This well-written article in Forbes does a credible job of describing our current state of identity and authentication as implemented by the federal government. It also suggests a road forward that would be based on existing multifactor authentication methodologies.
I’d suggest our government needs to start testing new
technologies, such as Self Sovereign Identity, and determine what its role will
be in that new environment. Mastercard has deployed this new identity
management as pilots in Madagascar and Australia.
It should also be pointed out that One Time Passwords (OTP) via
SMS were identified as insecure by NIST. I’d also argue that while not all
smartphones are secure, the level of security improves every year.
Most new smartphones, properly provisioned with a security
application that implements multifactor authentication and includes traditional
biometrics and behavioral biometrics, can certainly be used to secure my assets
— even if that probably shouldn’t be used to protect the Treasurer of a
Fortune 1000 company.
Our government needs an identity plan that recognizes and
leverages where technology will be in 10 years, and that should include
consideration for quantum computing hacks:
“I believe the answer is in a multilayer, multifactor approach. Government agencies should consider implementing, at a minimum, a two-factor verification process. Most common to consumers is a cellphone-based SMS push notification in which the user receives a code via text message to enter at the point of login.
Single sign-on (SSO) is also a reliable approach that can help prevent the friction that gets between authorized users and data. Public-facing sites and applications can make use of these same techniques to make it easier for private citizens to access services across government. Agencies can also look at cloud-based SSO tools to lower risk and, again, reduce the friction that layers of security can add to transactions.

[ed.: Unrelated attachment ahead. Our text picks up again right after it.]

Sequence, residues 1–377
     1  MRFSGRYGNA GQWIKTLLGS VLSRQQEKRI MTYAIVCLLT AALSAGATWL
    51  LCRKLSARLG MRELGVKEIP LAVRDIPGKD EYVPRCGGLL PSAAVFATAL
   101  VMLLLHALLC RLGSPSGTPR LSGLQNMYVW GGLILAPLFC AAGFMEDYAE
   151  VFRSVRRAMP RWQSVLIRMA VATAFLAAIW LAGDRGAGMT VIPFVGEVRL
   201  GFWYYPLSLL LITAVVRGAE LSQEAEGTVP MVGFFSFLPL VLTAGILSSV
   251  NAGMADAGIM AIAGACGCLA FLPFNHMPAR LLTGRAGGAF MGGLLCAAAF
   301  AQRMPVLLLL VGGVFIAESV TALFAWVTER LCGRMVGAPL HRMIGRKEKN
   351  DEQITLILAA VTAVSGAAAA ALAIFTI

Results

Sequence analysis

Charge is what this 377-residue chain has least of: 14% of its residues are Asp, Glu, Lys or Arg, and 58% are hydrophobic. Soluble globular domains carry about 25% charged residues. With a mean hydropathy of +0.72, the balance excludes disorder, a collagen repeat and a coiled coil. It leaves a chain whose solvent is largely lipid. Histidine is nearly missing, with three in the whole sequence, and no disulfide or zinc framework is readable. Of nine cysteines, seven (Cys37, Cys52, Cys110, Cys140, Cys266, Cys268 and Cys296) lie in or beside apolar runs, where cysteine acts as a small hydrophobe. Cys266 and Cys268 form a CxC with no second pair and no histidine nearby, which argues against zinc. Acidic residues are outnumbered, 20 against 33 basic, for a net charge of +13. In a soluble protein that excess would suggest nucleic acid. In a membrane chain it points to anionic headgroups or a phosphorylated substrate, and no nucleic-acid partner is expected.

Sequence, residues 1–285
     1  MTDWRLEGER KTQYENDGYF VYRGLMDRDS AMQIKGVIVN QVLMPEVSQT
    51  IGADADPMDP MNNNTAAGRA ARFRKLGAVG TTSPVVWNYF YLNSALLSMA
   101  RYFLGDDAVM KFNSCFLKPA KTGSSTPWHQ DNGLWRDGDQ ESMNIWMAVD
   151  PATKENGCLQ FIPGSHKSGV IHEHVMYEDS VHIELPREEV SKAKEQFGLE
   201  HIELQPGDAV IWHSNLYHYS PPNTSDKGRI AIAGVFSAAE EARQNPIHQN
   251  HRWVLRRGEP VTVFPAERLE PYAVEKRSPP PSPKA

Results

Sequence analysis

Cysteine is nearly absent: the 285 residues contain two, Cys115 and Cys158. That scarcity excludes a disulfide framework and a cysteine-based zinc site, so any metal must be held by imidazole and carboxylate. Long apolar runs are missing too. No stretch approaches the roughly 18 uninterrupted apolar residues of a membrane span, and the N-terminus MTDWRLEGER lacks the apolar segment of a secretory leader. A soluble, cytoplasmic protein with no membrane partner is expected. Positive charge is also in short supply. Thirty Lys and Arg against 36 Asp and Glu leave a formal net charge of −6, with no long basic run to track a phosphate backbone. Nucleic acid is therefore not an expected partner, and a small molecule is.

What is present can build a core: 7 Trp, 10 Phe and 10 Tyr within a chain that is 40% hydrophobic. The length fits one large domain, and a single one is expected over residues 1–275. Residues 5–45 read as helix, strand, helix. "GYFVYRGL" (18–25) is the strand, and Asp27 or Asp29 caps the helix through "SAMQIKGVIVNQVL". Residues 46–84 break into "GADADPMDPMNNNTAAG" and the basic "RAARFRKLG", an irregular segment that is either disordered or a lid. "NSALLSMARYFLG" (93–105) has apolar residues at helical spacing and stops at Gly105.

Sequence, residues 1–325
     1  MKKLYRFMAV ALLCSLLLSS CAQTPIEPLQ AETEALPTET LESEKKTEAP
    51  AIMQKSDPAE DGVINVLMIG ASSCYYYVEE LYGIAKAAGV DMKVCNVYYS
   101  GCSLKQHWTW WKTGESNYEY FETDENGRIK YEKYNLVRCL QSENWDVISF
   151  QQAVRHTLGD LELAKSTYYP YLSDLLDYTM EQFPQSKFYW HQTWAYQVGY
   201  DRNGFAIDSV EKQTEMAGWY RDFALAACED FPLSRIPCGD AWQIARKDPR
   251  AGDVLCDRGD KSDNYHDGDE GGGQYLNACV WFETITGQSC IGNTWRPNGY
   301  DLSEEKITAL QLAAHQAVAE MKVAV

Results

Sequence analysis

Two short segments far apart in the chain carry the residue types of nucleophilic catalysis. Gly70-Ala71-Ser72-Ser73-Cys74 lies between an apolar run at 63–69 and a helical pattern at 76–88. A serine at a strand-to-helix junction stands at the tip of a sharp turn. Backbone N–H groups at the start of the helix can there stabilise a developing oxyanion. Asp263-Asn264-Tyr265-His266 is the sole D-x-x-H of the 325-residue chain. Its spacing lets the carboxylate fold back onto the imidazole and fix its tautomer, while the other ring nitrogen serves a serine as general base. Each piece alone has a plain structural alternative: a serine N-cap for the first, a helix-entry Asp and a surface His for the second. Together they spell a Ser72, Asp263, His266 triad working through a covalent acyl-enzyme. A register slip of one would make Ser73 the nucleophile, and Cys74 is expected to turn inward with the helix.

True authentication can go much further, connecting online behavior patterns and activity with automated, AI-based tools that can provide real-time analysis of hundreds of elements. geolocation, device ID, IP addresses, profiles generated from publicly available records, biometrics and behavioral information.
Government agencies must train staff to be vigilant about their own behaviors, such as not clicking on links in scam emails and locking their devices. They also need to be trained in how to identify and respond to suspicious activity among the people they’re serving, and how to distinguish between individual cases of fraud versus mass fraud that must be elevated to the special investigations unit. Training needs to be backed by ongoing reinforcement to remind internal users of the threats, the risks, and the ways things can go very wrong, or right.
Of course, newer technologies, training programs and additional security personnel have to be budgeted, and this can mean a long planning cycle. That’s why a strategic plan is needed to help shepherd these programs through the approval process. Meanwhile, agencies can make incremental changes to get closer to their digital identity management goals.”
by Tim Sloane, VP, Payments Innovation at Mercator
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